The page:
Coal stock at electricity generating plants rises to about 30 MT: CIL
Coal stocks at power generating plants rose to about 30 million tonnes last month, state-run Coal India said on Thursday, dispelling fears of shortages of dry-fuel during the monsoon season.
The government has been making all efforts to build up coal stocks to avoid the reoccurrence of power outages seen during the summer this year.
“…coal stock at power plants is close to 30 MTs, including imported coal, ending August 22 (till 29th). This is substantially higher than 12.8 MTs of August ’21 when the stock plummeted by 11.2 MTs in a month,” Coal India Ltd (CIL) said in a statement.
The PSU said that enhanced supply of fuel from CIL helped the stock stabilise at power houses.
“Closing stock for the month of August’22 is a six-year high barring 2020 when pandemic fuelled slowdown saw the stock at 37.7 MT,” it said.
With a stock of dry-fuel of 31 MT at CIL’s pitheads, around 30 MT stock at power plants, and a little over 10 MT at PSU’s sidings, goods sheds, private washeries, ports, captive plants there is sufficient availability of coal in the system, the maharatna firm said.
Besides, the supply of coal to the power sector also rose to 243.3 million tonnes in the first five months of the current financial year.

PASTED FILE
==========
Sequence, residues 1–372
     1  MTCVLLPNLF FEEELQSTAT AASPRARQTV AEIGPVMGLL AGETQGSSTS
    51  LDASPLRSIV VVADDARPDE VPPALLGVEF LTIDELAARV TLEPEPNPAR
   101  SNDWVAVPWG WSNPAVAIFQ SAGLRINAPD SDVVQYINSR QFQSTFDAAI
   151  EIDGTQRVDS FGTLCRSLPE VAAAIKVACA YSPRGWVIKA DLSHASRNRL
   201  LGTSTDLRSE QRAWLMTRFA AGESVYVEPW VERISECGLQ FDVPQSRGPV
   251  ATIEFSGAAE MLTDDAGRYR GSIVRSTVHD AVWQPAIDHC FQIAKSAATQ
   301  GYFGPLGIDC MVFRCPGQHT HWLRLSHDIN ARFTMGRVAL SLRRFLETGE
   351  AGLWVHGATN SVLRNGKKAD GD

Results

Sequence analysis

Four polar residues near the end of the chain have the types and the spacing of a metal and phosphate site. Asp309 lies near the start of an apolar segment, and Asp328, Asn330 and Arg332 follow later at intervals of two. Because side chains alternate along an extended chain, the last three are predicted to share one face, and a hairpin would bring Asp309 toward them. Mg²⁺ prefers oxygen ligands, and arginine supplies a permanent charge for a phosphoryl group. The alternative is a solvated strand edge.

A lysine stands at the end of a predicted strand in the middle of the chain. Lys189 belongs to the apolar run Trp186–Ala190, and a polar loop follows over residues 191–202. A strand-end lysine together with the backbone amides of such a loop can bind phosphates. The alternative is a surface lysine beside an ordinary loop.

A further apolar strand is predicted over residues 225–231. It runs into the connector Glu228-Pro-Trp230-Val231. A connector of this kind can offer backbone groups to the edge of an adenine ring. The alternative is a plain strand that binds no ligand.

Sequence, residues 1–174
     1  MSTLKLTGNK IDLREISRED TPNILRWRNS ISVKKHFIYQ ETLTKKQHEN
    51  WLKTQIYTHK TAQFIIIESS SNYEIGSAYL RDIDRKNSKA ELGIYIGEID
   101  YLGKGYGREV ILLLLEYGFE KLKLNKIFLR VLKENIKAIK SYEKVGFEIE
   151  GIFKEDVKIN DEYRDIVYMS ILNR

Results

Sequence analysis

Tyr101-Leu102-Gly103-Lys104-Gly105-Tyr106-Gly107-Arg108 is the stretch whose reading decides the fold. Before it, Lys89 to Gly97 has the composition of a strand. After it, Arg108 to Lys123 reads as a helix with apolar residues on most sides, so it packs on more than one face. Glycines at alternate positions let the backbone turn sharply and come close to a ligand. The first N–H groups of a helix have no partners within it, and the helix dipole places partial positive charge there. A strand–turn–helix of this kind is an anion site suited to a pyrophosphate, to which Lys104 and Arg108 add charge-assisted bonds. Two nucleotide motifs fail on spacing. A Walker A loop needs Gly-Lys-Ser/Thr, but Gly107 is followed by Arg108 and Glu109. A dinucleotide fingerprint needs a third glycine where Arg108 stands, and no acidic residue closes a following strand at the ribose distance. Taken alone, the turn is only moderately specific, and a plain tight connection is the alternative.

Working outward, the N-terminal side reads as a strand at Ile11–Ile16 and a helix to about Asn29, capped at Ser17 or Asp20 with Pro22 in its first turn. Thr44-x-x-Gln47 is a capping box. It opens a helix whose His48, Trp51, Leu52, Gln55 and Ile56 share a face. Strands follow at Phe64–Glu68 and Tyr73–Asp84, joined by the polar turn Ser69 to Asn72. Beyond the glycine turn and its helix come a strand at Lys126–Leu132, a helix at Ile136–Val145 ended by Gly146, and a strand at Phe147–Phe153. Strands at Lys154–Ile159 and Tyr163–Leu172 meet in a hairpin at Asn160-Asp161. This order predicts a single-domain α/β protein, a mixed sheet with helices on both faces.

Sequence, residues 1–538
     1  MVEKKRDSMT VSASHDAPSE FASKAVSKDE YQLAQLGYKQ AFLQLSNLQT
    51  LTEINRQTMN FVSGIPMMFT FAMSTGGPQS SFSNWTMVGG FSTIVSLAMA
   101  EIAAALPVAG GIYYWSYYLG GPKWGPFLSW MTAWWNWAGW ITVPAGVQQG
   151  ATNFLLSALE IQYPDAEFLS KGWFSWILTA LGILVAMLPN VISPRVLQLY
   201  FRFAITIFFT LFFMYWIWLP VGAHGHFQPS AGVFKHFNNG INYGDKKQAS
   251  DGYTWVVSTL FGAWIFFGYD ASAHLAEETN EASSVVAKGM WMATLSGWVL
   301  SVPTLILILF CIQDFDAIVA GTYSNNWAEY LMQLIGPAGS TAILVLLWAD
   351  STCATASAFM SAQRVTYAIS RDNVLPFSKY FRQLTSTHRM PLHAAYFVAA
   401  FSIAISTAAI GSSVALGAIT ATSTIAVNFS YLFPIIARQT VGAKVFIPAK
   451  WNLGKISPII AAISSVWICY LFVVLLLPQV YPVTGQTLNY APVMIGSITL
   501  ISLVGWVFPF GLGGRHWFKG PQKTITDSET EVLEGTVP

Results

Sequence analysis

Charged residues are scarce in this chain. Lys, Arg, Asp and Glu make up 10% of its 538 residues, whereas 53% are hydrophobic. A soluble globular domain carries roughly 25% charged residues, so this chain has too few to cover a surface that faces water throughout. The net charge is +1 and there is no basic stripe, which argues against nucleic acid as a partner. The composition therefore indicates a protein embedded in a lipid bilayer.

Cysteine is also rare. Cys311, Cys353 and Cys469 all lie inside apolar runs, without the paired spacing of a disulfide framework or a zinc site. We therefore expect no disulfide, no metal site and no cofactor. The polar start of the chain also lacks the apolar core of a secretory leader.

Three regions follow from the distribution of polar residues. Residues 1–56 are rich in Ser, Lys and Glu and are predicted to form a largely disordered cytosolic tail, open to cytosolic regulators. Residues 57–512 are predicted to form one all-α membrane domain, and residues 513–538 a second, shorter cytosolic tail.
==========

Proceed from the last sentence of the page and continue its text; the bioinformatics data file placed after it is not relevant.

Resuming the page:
Coal production by CIL during April-August period also increased by 21 per cent to 253.3 MT, over 209.2 MT in the year-ago period.
“This level of increase was achieved despite increased downpour across all the areas of WCL (Western Coalfields Ltd) and MCL (Mahanadi Coalfields Ltd),” it said.
CIL production last month rose to 46.2 MT, against 42.6 MT in the corresponding month of the previous fiscal.
In August the PSU supplied 43.8 MT of coal to thermal power plants, registering a growth of 16 per cent over 37.8 MT in August last fiscal.
Coal India accounts for over 80 per cent of domestic coal output. The company is eyeing one billion tonnes of production target by 2023-24.
Several parts of the country witnessed power outages during the summer months this year on account of coal shortages.
(Only the headline and picture of this report may have been reworked by the Business Standard staff; the rest of the content is auto-generated from a syndicated feed.)
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